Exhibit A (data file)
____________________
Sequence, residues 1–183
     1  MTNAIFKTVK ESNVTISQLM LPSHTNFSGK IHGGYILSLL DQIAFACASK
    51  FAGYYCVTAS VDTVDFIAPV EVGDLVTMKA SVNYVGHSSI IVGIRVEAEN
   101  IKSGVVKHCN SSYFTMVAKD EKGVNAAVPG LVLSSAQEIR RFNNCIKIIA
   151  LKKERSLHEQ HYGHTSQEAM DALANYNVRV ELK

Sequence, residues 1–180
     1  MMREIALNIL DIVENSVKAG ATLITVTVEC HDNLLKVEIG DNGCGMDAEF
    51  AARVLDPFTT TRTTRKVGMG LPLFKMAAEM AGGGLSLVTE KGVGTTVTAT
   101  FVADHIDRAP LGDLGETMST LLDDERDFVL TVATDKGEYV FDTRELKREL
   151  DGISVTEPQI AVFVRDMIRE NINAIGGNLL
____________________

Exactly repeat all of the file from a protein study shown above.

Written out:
Sequence, residues 1–183
     1  MTNAIFKTVK ESNVTISQLM LPSHTNFSGK IHGGYILSLL DQIAFACASK
    51  FAGYYCVTAS VDTVDFIAPV EVGDLVTMKA SVNYVGHSSI IVGIRVEAEN
   101  IKSGVVKHCN SSYFTMVAKD EKGVNAAVPG LVLSSAQEIR RFNNCIKIIA
   151  LKKERSLHEQ HYGHTSQEAM DALANYNVRV ELK

Sequence, residues 1–180
     1  MMREIALNIL DIVENSVKAG ATLITVTVEC HDNLLKVEIG DNGCGMDAEF
    51  AARVLDPFTT TRTTRKVGMG LPLFKMAAEM AGGGLSLVTE KGVGTTVTAT
   101  FVADHIDRAP LGDLGETMST LLDDERDFVL TVATDKGEYV FDTRELKREL
   151  DGISVTEPQI AVFVRDMIRE NINAIGGNLL